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The Roquefort-philes

Roquefort is perhaps the world’s most famous blue cheese.

From the town of Roquefort-sur-Soulzon in the department of Aveyron, it can be found on the shelf of every French supermarket and Cheesemonger.

But how to navigate the plethora of labels? Who is who, and what’s the difference between the producers and labels?

Wine Fogg took it upon ourselves, to source as many producers as possible for a comparative tasting : 15 cheeses in total! (it sounded like a great idea at the time)

A few Fun Facts:

  • 1925 – the year Roquefort became the world’s first cheese AOP.
  • It’s France’s 2nd most popular cheese after Comté.
  • Over 3 million cheeses are made each year, around 55% of this by just one company (the cooperative).
  • There are no fermier (“farmhouse”) producers. They are either artisanal or industriel (both requiring purchasing milk from farmers).
  • The blue veins come from the natural Pennecillium Roqueforti in the caves of Mont Combalou in Roquefort-sur-Soulzon in which they must be aged (yup, it’s a protectionist monopoly).
  • Sweetness of the milk vs the saltiness of the cheese is said to be part of its appeal.
  • Not everyone likes blue cheese – there’s strong evidence that our palates are wired differently, and that blue cheese is one of the tests.

The Producers

There are 7 producers under the official Roquefort AOP.
Each works with a number of sheep farmers to supply milk and have a up to 5 different Roquefort cheeses and a few non-Roquefort made from the same milk.

The below table is best viewed in landscape mode (ie on a computer screen, or with your phone held sideways)

Producer / Brand
Milk Producers
Tes / year
# Cheeses in range
1851/63 1,000 10,000 5
1890 52 1,200 1
1906 130
(23 organic)
2,250 5 (+4* )
Gabriel Coulet
1906 100 2,000 4 (+2*)
Maison Comes
(Le Vieux Berger)
1923 8 180 1
1927 12 230 1
Les Fromageries Occitanes
1976 170 2,200 1

* additional cheeses in the range not under the Roquefort AOP

Note that Roquefort producers generally use traditional (animal) rennet  and are not suitable for vegetarians.

Any Roquefort found under a different name will be produced by one of the larger producers above on behalf of supermarkets or delis.

See our reference page The Roquefort Files for details of each producer (history, website, visits/tours, cheese range) and and under which other brands you may find their cheeses.

A few of Roquefort’s mandatory requirements

  • Everything from production to packaging must happen in the Roquefort commune.
  • Raw Ewe’s milk only (from at least 20 days after lambing).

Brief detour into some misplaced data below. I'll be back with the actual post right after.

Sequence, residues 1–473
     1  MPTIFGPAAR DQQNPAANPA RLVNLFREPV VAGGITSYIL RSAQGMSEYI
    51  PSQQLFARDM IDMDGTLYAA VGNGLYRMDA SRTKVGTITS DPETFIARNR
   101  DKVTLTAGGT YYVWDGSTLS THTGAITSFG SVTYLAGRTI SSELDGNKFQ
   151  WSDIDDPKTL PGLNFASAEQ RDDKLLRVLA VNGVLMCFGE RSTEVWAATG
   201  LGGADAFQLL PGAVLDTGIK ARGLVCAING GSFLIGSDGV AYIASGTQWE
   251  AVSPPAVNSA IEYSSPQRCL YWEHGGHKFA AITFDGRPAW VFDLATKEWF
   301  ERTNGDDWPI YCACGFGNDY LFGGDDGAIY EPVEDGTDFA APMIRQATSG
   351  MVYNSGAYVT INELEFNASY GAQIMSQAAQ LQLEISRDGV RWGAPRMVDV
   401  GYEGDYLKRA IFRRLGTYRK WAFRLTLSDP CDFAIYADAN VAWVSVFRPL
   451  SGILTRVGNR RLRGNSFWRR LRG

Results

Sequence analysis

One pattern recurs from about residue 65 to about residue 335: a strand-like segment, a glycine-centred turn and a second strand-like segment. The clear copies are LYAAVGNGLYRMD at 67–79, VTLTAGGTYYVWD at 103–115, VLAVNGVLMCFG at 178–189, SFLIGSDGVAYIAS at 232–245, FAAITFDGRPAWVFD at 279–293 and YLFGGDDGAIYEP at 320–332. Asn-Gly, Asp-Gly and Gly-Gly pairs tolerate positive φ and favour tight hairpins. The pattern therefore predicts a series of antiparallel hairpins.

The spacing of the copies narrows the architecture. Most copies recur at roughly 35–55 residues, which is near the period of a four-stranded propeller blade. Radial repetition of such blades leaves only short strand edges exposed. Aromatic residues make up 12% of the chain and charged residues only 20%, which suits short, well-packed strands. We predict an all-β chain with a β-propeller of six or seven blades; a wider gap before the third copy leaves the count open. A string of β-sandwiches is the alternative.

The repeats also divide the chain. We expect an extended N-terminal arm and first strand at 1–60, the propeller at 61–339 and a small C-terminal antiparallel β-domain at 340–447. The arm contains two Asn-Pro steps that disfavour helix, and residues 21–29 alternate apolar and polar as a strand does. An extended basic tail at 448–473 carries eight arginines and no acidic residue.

• Only Penicillium Roqueforti from the local caves can be used.
  • A minimum of 3 months ageing in the local caves.

For the more curious reader, the official PDO website has further information on the production process, producers, recipes and much more.

The Tasting:

We sourced 15 different Roquefort from a variety of cheesemongers and supermarkets, and while visually impressive, it was exhausting on the palate.

A list of the cheeses tasted and summary tasting notes can be found on our Roquefort tasting notes page.
For brevity we’ll highlight the main lessons learned.

The Takeaway
  • The styles ranged from milky and not very bluey (in a firmer Gorgonzola style), to spicy and pungent for lovers of blue cheese only.
  • The spectrum of flavours goes from lactic/creamy/buttery to animal / spicy / tangy / peppery.
  • For those who don’t like strong blue cheese – the cheaper, lighter, industrially produced, younger styles will more likely appeal.
  • For those who like tangy, nutty cheeses, the smaller producers and aged versions will be worth seeking out.
  • If in doubt, ask your local cheesemonger. It’s their job to know and guide us.
  • Personally, we preferred the smaller, artisanal producers who make one cheese, and make it well.
  • Once you’ve figured this out, the age of the cheese makes a lot of difference.
  • The darker the colour of the blue veins, the older it is likely to be (green to blue to grey).
  • Unsurprisingly, the higher the price (we’re talking 10-20%), the more complexity, depth and length there is.

If you do decide to do a similar comparative tasting

  • Expect plenty of “looks” from cheesemongers when you ask for anything less than 200g (a hefty slab) of cheese.
  • Have some sweet wine to hand to try some classic wine / cheese pairing.
  • Expect a lot of leftovers and familiarise yourself with a few recipes (roquefort and walnut salad, blue cheese & broccoli soup, blue cheese & cream pasta).


A shout out to the following artisanal cheesemongers from whom we buy our cheese when in the area:

Fromagerie Cathare, Albi – map
Fromagerie des Halles, Castres – map
Fromagerie Saint-Pierre, Gaillac – map

And a special thanks to the army of ants that provided an hour of entertainment carrying away the crumbs and cleaning the cheese board while we digested.

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Tags: Blue Cheese, Cheese, French Cheese, Roquefort

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